And I'd go in and grab one of those biscuits out of that bowl, bite into it, it was just like it had just come out of the oven. Oh, and of course, like I said, it was a big family. There were six boys, six girls in the family and every one of those women had their own specialty that they would cook. My aunt Babe, she made chow-chow. Now I don't know if northern folk know about chow-chow, but some people, I guess they call it “relish.” [LAUGHS] But we actually call it “cha-cha,” and she would make this stuff and, I mean, it was hot. You know, it had peppers and cabbage in it, and whatnot, and, ya’ know, she died with that recipe. Nobody ever learned how to make Aunt Babe's cha-cha. But, you know what? Everybody had jars of it after she died. It was like gold. You'd be at a meal and somebody’d go in and come out with a jar and they'd say, "I've got one of Aunt Babe's jars of cha-cha." And it was after she had died, and there we were, sitting there eatin’ that cha-cha. Oh, it was good.
RHONDA: It was her legacy. [LAUGHS]
SPARKY: And, you know, it's what you put on pinto beans and turnip greens. Oh, it was good!
CURWOOD: Rhonda, what was it like for you at the holidays when it came to food?
RHONDA: Well, we usually had turkey and dressing and that kind of thing on holidays, and somebody usually did a ham as well, but I tell you what excited me more than anything was the dessert, and it usually included chocolate, [LAUGHS] which I still love. We would go to my aunt's house. She always bought these ice cream things that were in the shape of a Christmas tree or a Santa Claus or something like that—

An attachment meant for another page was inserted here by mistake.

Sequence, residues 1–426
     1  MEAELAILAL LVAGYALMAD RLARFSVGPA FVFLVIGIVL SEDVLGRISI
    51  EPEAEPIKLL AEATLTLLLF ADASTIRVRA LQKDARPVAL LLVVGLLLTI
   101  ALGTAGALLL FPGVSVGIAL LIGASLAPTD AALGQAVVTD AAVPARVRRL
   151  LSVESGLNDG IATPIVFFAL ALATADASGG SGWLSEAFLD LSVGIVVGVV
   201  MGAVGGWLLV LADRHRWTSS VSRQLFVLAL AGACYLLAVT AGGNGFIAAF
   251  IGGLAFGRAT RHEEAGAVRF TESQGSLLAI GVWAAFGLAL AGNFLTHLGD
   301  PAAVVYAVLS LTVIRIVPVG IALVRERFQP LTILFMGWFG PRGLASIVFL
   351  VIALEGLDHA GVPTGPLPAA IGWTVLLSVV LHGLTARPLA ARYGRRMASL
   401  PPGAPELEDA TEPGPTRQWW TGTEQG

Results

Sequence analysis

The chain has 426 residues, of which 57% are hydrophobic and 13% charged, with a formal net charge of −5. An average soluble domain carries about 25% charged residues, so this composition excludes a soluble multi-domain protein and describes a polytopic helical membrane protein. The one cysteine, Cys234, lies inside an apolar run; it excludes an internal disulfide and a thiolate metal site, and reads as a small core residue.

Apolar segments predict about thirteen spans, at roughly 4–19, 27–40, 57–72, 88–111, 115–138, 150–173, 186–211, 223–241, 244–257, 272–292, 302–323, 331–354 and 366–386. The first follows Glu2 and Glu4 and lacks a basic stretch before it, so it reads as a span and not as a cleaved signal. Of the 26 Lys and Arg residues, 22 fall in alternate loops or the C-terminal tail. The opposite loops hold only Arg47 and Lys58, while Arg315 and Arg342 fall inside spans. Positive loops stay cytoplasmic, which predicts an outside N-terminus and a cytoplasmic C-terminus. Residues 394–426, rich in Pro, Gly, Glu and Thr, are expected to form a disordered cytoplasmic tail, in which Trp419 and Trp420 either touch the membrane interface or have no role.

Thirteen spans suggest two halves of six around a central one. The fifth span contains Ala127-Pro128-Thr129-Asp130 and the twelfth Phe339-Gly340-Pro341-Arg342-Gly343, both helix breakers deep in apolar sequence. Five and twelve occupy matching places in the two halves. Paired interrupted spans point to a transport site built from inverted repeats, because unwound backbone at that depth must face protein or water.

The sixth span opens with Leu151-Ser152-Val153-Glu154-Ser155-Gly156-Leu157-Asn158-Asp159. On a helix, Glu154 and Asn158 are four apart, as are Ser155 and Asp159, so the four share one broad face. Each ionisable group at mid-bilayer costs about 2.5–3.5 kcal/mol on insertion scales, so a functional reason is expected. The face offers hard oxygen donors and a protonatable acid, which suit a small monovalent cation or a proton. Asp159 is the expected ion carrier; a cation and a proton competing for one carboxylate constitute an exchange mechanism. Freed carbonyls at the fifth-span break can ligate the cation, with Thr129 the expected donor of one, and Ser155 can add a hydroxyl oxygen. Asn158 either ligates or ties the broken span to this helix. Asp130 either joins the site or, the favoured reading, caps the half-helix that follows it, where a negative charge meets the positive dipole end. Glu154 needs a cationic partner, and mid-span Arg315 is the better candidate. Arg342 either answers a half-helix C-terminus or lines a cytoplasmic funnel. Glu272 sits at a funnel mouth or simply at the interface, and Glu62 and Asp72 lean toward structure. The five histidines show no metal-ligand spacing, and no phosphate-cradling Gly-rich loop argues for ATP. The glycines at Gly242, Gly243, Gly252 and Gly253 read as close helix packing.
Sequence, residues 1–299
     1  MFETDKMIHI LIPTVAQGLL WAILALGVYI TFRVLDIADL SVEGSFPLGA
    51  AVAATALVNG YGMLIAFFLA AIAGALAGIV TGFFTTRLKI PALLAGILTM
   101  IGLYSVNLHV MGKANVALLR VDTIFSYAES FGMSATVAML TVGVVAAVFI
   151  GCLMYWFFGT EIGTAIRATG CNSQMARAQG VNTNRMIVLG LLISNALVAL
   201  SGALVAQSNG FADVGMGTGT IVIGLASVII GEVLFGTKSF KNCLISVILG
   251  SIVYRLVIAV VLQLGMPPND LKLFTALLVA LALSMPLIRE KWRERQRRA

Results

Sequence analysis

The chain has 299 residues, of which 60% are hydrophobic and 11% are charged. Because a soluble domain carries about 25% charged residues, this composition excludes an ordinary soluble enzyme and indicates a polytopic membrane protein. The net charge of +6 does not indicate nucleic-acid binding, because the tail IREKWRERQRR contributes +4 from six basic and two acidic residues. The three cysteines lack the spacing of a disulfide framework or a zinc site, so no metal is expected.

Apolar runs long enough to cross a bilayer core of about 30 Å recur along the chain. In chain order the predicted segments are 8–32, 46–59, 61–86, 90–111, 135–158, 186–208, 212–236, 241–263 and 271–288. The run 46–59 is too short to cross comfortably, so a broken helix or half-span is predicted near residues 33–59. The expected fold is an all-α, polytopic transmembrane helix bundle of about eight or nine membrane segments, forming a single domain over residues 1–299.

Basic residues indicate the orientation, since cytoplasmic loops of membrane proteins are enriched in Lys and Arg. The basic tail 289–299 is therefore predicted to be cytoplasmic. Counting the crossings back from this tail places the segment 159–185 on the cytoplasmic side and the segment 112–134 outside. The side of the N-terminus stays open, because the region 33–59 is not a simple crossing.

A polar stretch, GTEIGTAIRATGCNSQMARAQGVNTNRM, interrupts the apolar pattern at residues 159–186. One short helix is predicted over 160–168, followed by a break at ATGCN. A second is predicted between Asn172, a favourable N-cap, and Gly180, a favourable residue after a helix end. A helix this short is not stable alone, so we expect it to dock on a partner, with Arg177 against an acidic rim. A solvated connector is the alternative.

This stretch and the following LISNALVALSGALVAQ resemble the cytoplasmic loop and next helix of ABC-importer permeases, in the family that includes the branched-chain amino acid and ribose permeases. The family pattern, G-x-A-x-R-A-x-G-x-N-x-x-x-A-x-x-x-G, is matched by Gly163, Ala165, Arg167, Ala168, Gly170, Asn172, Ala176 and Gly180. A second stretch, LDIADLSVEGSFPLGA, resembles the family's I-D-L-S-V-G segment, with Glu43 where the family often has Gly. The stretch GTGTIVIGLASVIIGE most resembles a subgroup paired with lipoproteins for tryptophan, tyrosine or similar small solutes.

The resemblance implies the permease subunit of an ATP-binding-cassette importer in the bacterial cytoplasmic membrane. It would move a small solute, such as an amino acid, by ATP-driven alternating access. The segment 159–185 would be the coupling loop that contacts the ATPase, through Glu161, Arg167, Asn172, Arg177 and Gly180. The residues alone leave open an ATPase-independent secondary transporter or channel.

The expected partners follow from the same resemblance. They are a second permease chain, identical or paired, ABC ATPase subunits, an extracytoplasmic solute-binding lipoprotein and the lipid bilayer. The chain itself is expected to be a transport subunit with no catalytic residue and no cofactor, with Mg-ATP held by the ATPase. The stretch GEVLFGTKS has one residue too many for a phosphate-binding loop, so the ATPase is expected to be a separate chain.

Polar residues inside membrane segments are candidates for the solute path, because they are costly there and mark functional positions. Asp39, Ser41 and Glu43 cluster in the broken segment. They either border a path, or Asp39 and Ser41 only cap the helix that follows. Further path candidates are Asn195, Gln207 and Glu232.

SPARKY: Aunt Elsie.
RHONDA: —Aunt Elsie, yeah, and, boy, we just didn't get that at home, you know, my mom wouldn't do that. But the big thing was being around all my cousins and visiting and that kind of thing.
SPARKY: Oh yeah. You're all sitting around this huge, huge table and everybody telling stories. So it was a wonderful time. Then the church, oh, man, there was some wonderful people in church. In fact, I'm old enough that there was always somebody down in the front row in the “Amen Corner” and people whispering, "You know, that’s Sister Lucy. You know, Sister Lucy used to be a slave.” And it's amazing to me to realize that in my lifetime I met people who’d been slaves.
CURWOOD: So, Sparky, you're not only a performer but you're a historian of sorts, and a teller of traditional African-American tales. And I understand that some of your stories do go back to slave times. Now, our theme for this holiday special is hope. What was there in the way of hope for slaves on a plantation in the south?